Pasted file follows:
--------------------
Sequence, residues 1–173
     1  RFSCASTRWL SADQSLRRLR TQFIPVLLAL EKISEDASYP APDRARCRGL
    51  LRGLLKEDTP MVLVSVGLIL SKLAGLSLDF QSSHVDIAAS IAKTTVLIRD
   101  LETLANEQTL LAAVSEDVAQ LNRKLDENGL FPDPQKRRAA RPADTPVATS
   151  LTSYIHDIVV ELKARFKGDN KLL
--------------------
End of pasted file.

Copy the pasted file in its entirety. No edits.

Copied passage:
Sequence, residues 1–173
     1  RFSCASTRWL SADQSLRRLR TQFIPVLLAL EKISEDASYP APDRARCRGL
    51  LRGLLKEDTP MVLVSVGLIL SKLAGLSLDF QSSHVDIAAS IAKTTVLIRD
   101  LETLANEQTL LAAVSEDVAQ LNRKLDENGL FPDPQKRRAA RPADTPVATS
   151  LTSYIHDIVV ELKARFKGDN KLL